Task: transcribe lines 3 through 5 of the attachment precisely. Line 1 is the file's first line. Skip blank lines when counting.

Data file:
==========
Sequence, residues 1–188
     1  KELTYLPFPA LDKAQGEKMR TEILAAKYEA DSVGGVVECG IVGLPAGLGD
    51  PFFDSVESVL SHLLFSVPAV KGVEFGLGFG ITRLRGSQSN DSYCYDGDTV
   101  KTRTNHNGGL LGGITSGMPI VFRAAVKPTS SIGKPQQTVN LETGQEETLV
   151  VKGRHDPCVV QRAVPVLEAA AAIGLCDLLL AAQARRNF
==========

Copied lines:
    51  PFFDSVESVL SHLLFSVPAV KGVEFGLGFG ITRLRGSQSN DSYCYDGDTV
   101  KTRTNHNGGL LGGITSGMPI VFRAAVKPTS SIGKPQQTVN LETGQEETLV
   151  VKGRHDPCVV QRAVPVLEAA AAIGLCDLLL AAQARRNF